Steven Pinker, a psycholinguist, has written several books on childhood language acquisition and provides a simple explanation for language acquisition in his short video here.
So, how can you maximise the input of your native language in a bilingual or multilingual environment?
If your native language is different to the language your child uses and hears in their outside environment, then you may be concerned that your child will struggle to develop their mother tongue.
There are 5 strategies that can be used to maximise the amount of native language input that your child receives from you.
Speak in your native language
When you are at home there is no reason why you shouldn’t be speaking with your child in your native language. Whatever you are doing and whatever their age, you should be communicating with your child. Talk them through whatever actions you are taking. Ask them questions. Identify objects for them clearly. This will increase the amount of language exposure your child experiences. Not only is this good for their language development, but it also supports overall cognitive and skills development.
Build a social circle of people from your home country
Building a social circle of people (preferably with children) native to your home country can help increase your child’s exposure to their mother tongue. They will learn how to use language in a variety of contexts, with people outside of their family circle. This not only teaches them rules associated with language, but also acceptable language to use with non-family members, ways to behave and any specific cultural linguistic and behavioural practices.
Click here to watch an inspirational video of 6-year-old Bella, a Polyglot speaking 8 languages.
Visit your native country
Taking annual trips to your home country to visit family and friends will also increase your child’s exposure to their native language. Spending time in your native country will also expose them to the unusual accents, and help their metalinguistic awareness.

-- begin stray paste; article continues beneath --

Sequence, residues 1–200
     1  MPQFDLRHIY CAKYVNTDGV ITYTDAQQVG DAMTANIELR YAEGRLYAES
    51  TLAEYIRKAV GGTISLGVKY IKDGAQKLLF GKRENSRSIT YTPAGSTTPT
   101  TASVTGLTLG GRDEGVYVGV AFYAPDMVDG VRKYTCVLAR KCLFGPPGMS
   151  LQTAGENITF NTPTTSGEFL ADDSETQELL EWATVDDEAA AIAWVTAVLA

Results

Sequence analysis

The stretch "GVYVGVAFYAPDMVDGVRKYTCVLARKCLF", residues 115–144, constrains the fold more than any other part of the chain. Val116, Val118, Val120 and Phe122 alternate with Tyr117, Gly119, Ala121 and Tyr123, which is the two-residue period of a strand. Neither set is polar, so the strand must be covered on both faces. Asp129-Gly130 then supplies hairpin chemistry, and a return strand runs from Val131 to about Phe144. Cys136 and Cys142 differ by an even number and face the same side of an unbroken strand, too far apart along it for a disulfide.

Spending time in the country where the native language is spoken exclusively, means 24/7 exposure and will also help your child to make the link between languages and countries. Plus, it will give your child a chance to learn the culture and lifestyle.
Play Language Games at Home
Kids love games and it’s a lot easier to learn if you are having fun. There are so many language game ideas online. Some will require a little prep on your part. Others can be done using objects around the house. And many can be found digitally online.
Check out eslkidstuff.com for some games inspiration. Many are designed for the classroom, but there is no reason why they cannot also be played at home!
There are also some Cambridge English Language books containing activities, games and exercises that you can do with your child at home. Check out this article (insert hyperlink to Cambridge Books for Learners article) on our site for more information.
Tell stories and read books
Telling stories and reading books is a great way to make sure your child is getting effective, fun and creative language input.
Bedtime is an excellent time for your child to boost their cognitive development and language exposure. They are in a relaxed state, sitting still (for a change!) and enjoying themselves. Bedtime stories will usually have a variety of unusual contexts and use language that your child may not encounter in their daily life with you.
Let their imagination take over and their brains relax and process the language they are hearing. Books that you may read to your child at night also tend to have a lot of pictures and illustrations. This helps your child to make the link between the language and the images.
There are also excellent bilingual reading materials for young children. You can find some of them at languagelizard.com
Reflect on the day
Reflecting on events that have happened during the day is a good way of reviewing any language that your child has been exposed to that day. It is also just a nice way for your child to end the day, and can be used as an opportunity for them to wind down and process their day before sleep.
A final word…
It is easy to incorporate your native language into your child’s daily life in a Bilingual or Multilingual environment.
The most important thing that your child needs from you is language input. Make it creative, make it fun and try not to worry too much! Kids’ brains are amazing. If you practice some of the strategies above then your child will have all they need to develop as a Bilingual or Multilingual individual.
For tips and tricks on raising a multilingual child, check out this video.
If you are interested in hearing what worked for other parents, click here.